Forever Plaid

Beck Center for the Arts
Professional Theatre                                                                                                                                                                                                                                                                                                                                                                                                Forever Plaid is an off-Broadway musical revue written in New York in 1990. Musical arrangements, vocal arrangements and musical direction were by James Raitt; the show was written, directed, and choreographed by Stuart Ross. The show is a revue of the close-harmony “guy groups” (e.g. The Four Aces, The Four Freshmen) that reached the height of their popularity during the 1950s. Personifying the clean-cut genre are The Plaids. This quartet of high-school chums’ dreams of recording an album ended in death, in a collision with a bus filled with Catholic schoolgirls on their way to see the Beatles’ American debut on The Ed Sullivan Show. The play begins with the Plaids returning from the afterlife for one final chance at musical glory.

The playlist for this jukebox musical includes great classic songs such as: “Three Coins in the Fountain”; “Undecided”; “Gotta Be This or That”; “Moments to Remember”; “Crazy ‘Bout Ya, Baby”; “No, Not Much”; “Sixteen Tons”; “Chain Gang”; “Perfidia”; “Cry”; “Heart and Soul”; “Lady of Spain”; “Scotland the Brave”; “Shangri-La”; “Rags to Riches”; and “Love is a Many-Splendored Thing”.

Directed and Choreographed by Martin Cespedes, The Beck Center for the Arts cast includes Josh Rhett Noble* (Sparky); Matthew Ryan Thompson (Jinx); Brian Altman (Smudge); and making his Beck Center debut, Shane O’Neill (Frankie). Musical Direction provided by Bryan Bird. His band included Bill Hart on Drums, and Kevin Aylward on Bass.

I couldn’t imagine being a maitre d’, and looking down at your reservation book and seeing that Noble, Thompson, Altman, and O’Neill had booked a table for the evening. That is one fantastic talented hot mess of a table. Well, the Beck Center is serving up that combo for all to see, and the result is a vocal delight. Each one of these performers is a delight in their own respect. So, seeing them inhabit the Plaids on Preview night was a scream. Everyone gets their turn in the spotlight, and each brings their comedic gifts to the party. Leading the comic parade is Noble. He is just hilarious in every situation, and has a set of hips that deserves a curtain call. He was on the top of my laugh list. Thompson uses his innocent, shy routine to fierce delight. In a bizarre way, some of his delivery reminds me of Mary Katherine Gallagher from Saturday Night Live fame. Altman brings his supreme charm to the proceedings. His rich voice adds substance to the vocals, and give this man a spoon and a ketchup bottle, and magic ensues. Beck Center audiences have their first chance to fall head over heels for O’Neill. Blessed with an angelic voice and face, he croons like a matinee idol. Truly a gift to the proceedings. And the best part, is each one of them is talented singer, and their blend is to die for. See what I did there?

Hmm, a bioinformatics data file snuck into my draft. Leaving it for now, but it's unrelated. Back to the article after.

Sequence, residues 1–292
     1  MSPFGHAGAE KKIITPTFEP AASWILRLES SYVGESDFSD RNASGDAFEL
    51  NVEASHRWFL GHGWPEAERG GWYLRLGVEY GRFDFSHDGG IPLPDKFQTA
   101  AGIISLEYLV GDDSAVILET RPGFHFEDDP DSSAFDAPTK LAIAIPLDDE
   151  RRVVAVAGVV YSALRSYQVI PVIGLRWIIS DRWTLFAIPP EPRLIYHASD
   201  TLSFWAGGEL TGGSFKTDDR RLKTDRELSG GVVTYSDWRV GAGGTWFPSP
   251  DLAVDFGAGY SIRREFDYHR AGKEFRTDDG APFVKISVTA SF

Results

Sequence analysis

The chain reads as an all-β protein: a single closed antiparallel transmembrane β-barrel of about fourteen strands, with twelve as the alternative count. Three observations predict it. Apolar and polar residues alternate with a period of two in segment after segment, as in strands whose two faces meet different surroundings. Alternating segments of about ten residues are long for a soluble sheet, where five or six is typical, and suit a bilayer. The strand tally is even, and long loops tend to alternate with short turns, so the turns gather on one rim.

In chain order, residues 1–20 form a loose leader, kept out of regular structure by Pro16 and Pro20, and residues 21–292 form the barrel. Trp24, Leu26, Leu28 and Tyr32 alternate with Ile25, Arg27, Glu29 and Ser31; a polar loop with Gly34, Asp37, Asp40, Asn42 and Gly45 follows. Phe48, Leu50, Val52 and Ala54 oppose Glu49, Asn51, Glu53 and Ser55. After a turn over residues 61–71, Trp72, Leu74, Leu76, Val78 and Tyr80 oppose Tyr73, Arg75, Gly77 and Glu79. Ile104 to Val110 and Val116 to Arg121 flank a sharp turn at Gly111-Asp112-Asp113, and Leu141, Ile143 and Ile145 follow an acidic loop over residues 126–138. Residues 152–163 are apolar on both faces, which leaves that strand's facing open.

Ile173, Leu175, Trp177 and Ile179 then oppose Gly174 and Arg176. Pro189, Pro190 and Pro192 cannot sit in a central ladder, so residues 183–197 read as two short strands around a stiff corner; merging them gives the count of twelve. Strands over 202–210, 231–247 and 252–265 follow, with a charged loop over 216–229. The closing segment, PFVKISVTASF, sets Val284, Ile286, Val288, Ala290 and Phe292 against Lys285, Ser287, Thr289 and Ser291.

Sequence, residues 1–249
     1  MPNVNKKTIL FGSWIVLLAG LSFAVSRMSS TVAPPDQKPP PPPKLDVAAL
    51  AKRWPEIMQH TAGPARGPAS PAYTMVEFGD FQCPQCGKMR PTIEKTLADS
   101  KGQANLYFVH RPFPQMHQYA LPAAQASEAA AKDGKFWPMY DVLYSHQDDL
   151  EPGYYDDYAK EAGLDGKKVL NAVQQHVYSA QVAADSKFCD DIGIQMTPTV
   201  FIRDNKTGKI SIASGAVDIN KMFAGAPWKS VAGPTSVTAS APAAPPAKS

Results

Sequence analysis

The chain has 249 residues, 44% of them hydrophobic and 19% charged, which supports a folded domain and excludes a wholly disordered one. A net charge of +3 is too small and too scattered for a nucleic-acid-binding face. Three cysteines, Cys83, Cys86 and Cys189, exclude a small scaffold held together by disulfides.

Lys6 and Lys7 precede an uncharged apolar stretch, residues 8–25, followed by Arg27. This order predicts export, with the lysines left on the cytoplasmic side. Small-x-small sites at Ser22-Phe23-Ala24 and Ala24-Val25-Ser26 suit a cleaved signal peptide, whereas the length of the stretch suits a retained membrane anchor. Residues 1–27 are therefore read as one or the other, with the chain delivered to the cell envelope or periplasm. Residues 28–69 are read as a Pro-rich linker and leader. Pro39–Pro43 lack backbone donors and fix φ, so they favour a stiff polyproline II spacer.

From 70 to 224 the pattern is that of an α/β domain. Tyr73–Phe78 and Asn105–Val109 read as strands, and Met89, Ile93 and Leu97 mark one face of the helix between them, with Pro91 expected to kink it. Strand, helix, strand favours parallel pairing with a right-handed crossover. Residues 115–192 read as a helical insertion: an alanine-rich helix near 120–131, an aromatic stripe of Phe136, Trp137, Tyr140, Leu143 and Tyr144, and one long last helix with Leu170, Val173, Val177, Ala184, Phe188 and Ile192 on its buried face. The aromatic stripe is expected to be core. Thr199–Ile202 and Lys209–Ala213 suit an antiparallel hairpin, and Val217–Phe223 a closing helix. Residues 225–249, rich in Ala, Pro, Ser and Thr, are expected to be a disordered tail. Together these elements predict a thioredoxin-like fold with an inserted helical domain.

This production is just a whole lot of damn cuteness and feel good vocalizations. The fellows have their work cut out for them with the challenging choreography. It is obvious the drill work these four must have went through to nail the execution of never-ending tweaks and tweaks recreating all the old classic moves. But, that definitely paid off. The highlight of the evening is the Ed Sullivan Show section. I literally could not stop laughing as a barrage of sight gags filled my rods and cones with so many hilarious images, that I will be giggling for weeks. Sooooooooo funny. Another highlight is when the Plaids bring up and audience member to play “Heart and Soul.” Hilarious results.

There were some distractions with the production. One major one was most of the whispered dialogue is lost. I lost many of Thompson’s whispered lines, and when the group would whisper. Now, some of those whispers might not be needed to be heard by the audience, but it creates dead space, and there is a lot of that in the beginning.  There is also an issue with no front lighting on the faces, especially in some of the solo moments. Shadows on faces from being lit from above. That could be an intended look, but i found it distracting. My final critique is the band. Not their playing, that is terrific. But, aside from choreographed smiles to the audience from Bird, the band never smiles. I know the Plaids are dead, but if the Plaids can enjoy themselves, so can you. This is a party!

The bottom line is that the audience will eat this show alive, as they did by giving a Standing O to the hardworking cast. One of the greatest things about this show, is that each performer is a talented class act and a great ambassador for the arts. You will leave this show in a better place after having enjoyed the work of some of the area’s most talented performers. Great job casting Mr. Cespedes.

Production Team:

Director and Choreographer Martin Cespedes, Musical Director Bryan Bird, Stage Manager Diana D’Alessandro, Scenic Designer Aaron Benson (love the Mike Douglas set), Technical Director/Lighting Designer, Sound Designer Carlton Guc (excellent blend), Costume Designer Aimee Kluiber (Great looks), Assistant to the Choreographer Holly Kay Harris.

September 12 – October 12
8pm Fridays
8pm Saturdays

3pm Sundays

$10-$29 Reserved Seating

(216) 521-2540

Order Tickets Online
Beck Center for the Arts
17801 Detroit Avenue
Lakewood, Ohio 44107